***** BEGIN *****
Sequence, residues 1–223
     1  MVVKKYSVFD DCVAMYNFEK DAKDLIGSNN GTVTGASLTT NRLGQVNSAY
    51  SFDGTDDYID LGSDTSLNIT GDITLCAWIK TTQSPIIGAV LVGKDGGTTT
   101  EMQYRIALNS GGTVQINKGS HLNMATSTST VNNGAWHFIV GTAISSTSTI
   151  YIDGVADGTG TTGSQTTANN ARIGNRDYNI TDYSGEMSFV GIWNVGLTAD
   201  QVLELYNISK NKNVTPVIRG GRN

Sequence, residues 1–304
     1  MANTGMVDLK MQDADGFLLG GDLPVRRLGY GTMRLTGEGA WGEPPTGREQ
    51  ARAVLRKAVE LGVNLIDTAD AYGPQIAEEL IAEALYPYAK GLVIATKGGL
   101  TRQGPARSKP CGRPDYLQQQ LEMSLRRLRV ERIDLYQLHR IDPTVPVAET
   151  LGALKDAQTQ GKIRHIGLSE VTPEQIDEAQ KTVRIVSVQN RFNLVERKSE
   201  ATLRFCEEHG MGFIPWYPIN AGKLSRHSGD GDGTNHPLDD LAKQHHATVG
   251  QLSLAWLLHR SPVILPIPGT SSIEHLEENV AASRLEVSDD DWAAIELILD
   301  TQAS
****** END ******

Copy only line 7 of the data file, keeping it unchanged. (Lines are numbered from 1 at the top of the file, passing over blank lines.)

Sequence, residues 1–304